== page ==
A septuagenarian leftist documentary filmmaker gives a last interview from his mythologized life to a former star student to whom he discloses his experiences as a draft dodger who fled to a new life in Montreal.
...furiously driven ...One of the main strands of Banks’s fiction has long been what you might call a working-class New England existentialism ... Foregone is in the same vein, only here the protagonist is an artist. And what Banks reveals of this artist’s life is a profound emptiness, seeded early on, which Fife has run from ever since ... As always, Banks’s prose has remarkable force to it ... The book’s real theme is the curse of being convinced that one is unlovable. And who among us hasn’t suffered that conviction to one degree or another?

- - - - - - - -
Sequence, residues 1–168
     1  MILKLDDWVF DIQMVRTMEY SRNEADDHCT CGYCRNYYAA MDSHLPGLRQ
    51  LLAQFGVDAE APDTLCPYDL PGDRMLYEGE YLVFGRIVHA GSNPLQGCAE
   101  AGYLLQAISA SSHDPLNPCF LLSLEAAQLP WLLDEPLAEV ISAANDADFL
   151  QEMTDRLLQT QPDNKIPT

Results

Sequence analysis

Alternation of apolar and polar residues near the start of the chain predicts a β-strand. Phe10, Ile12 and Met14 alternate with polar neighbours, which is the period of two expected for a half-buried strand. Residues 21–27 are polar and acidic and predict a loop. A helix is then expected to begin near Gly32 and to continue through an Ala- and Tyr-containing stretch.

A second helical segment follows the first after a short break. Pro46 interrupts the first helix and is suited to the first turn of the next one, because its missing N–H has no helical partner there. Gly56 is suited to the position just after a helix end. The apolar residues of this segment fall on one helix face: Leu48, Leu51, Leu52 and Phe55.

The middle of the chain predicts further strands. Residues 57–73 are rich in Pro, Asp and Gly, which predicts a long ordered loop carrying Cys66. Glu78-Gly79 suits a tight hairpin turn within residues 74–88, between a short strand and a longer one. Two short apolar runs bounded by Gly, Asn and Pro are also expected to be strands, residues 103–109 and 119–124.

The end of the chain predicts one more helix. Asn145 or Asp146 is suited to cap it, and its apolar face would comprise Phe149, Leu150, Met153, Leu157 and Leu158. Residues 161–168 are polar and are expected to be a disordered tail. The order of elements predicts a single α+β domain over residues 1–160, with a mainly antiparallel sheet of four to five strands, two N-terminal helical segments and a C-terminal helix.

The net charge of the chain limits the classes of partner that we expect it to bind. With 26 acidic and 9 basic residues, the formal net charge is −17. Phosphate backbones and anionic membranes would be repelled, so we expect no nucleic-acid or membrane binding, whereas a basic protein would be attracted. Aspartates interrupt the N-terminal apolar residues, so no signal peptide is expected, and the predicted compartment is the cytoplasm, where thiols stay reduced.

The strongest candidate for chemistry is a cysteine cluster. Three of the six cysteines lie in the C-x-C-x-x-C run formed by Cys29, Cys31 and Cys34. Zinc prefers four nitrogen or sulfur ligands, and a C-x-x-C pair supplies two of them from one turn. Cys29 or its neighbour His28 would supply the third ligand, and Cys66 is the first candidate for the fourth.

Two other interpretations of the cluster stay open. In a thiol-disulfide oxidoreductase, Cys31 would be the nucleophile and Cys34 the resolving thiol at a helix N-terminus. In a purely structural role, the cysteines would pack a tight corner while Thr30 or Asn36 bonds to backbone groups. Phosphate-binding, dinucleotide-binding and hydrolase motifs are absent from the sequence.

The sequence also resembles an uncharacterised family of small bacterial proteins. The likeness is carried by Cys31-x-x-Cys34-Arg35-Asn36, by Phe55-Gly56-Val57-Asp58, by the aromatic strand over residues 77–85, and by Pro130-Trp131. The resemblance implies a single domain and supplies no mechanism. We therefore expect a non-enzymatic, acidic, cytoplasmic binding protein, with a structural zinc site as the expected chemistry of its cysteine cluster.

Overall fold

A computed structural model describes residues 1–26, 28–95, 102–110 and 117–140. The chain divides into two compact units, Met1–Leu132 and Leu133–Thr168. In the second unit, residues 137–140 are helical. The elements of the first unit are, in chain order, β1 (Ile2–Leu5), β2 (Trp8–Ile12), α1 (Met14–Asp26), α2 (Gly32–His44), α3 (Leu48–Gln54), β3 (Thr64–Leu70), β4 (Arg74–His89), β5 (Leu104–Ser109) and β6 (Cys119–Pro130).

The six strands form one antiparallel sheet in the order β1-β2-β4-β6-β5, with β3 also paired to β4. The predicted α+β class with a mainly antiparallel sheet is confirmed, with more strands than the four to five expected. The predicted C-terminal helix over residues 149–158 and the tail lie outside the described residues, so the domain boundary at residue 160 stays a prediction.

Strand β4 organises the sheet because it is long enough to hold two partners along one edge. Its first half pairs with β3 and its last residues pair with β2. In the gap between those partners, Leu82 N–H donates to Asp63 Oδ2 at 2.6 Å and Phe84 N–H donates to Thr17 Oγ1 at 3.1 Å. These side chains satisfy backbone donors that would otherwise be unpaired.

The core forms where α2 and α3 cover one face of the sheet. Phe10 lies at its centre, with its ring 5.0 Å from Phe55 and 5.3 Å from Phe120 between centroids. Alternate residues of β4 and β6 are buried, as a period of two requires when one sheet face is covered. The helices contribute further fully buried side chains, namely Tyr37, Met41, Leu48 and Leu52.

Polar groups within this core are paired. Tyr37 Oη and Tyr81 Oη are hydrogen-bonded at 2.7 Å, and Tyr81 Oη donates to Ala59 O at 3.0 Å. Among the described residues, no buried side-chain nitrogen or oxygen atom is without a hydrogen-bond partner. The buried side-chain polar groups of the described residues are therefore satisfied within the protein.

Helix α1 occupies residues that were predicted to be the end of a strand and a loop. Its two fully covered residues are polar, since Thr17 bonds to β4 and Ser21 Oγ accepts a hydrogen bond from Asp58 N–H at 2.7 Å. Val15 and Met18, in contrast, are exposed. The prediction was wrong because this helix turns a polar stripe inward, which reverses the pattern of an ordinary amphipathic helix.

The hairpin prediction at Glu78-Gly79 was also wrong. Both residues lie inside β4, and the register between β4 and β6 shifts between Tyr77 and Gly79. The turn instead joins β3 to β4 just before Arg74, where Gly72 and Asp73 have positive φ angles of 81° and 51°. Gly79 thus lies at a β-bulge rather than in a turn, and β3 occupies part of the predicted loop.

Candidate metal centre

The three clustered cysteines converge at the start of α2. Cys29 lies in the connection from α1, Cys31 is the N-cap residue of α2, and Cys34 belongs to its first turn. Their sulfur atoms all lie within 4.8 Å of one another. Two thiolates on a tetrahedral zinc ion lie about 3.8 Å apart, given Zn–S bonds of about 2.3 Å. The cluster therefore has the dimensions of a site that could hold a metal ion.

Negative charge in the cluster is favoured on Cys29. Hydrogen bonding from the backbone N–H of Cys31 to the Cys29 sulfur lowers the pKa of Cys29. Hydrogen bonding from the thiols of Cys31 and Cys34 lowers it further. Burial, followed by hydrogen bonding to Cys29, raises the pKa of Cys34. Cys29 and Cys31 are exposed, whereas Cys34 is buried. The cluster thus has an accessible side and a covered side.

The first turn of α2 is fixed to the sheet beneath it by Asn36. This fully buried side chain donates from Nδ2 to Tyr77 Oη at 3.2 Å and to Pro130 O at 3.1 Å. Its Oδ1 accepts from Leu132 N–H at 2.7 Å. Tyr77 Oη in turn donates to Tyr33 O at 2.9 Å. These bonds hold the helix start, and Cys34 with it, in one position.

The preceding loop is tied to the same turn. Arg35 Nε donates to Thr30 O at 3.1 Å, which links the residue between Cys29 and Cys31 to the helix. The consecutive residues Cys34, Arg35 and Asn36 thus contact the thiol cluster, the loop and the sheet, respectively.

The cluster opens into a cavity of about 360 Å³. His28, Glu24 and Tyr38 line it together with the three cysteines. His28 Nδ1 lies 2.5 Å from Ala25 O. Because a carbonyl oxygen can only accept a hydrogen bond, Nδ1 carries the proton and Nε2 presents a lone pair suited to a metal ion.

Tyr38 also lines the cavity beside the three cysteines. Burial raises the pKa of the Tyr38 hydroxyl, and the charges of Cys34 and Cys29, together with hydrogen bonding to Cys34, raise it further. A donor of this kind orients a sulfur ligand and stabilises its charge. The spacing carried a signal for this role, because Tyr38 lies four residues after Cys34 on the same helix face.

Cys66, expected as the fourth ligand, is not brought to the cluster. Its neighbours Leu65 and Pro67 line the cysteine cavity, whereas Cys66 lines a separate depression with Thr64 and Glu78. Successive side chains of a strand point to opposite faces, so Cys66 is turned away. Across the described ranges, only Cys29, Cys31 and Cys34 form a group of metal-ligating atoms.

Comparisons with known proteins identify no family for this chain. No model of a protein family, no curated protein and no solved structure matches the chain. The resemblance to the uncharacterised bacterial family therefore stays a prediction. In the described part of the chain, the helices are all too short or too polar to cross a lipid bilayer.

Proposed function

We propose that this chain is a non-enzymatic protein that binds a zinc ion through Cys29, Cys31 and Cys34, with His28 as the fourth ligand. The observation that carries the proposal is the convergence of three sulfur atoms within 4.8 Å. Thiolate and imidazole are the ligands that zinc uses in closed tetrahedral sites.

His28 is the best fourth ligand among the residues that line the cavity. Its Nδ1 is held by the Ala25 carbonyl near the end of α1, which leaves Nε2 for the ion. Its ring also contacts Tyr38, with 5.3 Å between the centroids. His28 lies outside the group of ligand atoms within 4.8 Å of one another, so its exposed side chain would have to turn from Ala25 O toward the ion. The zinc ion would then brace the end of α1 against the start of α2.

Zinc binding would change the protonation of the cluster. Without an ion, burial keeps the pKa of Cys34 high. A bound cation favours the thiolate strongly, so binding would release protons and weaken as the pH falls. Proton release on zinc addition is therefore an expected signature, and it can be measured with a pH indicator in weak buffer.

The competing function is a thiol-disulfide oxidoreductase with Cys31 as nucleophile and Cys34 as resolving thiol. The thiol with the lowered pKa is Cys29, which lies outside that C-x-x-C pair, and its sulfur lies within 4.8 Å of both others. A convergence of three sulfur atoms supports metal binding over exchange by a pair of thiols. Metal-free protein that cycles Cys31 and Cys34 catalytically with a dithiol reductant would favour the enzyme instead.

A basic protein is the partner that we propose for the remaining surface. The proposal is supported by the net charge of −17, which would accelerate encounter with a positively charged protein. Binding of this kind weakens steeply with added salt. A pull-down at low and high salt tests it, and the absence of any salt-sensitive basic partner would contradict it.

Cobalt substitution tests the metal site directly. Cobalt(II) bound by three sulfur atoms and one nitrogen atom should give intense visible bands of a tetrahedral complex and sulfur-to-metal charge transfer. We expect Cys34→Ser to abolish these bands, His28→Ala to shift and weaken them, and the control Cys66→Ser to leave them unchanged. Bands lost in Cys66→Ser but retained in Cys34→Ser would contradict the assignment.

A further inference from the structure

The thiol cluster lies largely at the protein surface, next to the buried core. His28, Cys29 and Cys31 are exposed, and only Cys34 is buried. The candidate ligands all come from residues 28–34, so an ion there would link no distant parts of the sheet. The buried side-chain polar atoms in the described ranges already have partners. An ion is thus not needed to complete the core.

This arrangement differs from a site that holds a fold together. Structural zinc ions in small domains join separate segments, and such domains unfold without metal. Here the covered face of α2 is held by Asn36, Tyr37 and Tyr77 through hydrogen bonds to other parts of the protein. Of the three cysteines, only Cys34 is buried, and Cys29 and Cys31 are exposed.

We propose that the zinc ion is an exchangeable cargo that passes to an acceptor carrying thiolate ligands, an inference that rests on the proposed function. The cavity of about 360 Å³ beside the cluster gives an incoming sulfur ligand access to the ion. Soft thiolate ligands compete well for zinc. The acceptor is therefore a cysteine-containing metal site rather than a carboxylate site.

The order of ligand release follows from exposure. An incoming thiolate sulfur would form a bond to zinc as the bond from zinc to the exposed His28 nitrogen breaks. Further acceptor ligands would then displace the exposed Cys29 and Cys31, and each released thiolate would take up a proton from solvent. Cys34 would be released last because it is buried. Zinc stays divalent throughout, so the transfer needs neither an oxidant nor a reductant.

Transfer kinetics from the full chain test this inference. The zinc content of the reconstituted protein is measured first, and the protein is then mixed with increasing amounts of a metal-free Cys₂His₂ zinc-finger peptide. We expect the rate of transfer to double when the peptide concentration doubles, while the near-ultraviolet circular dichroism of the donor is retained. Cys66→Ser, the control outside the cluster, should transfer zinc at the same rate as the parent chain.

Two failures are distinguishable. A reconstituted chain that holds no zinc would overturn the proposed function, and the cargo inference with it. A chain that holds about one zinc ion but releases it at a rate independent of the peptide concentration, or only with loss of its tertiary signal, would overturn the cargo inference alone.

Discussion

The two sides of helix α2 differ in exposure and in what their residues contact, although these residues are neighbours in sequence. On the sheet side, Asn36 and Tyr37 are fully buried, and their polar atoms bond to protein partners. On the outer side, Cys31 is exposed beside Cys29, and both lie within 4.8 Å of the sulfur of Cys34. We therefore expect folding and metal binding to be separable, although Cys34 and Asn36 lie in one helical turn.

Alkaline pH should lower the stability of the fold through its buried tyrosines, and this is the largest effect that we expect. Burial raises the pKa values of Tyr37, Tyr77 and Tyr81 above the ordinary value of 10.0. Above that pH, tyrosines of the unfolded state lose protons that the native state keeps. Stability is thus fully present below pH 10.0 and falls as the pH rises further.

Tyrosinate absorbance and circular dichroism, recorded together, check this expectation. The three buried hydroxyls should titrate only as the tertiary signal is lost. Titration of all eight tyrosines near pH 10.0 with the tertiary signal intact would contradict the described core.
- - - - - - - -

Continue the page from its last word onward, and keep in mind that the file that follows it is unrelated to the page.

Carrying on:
The mixture of bravado and vulnerability is characteristic of Mr. Banks’s impressive body of work, whose range has been underappreciated ... a gruff exterior covers an abyss of sentimentality ... This is a sensitive but dreary novel of valediction that pursues atonement without any apparent belief that such a thing is possible.
Depending on how you slice Foregone, you might find a book about a temperamental, privileged, cishet white male artist, a book about capturing art, a book about dying, a book about personal truth, or even (and finally) a book about how the spotlight lies to us ... Banks has crafted a powerful novel about what remains.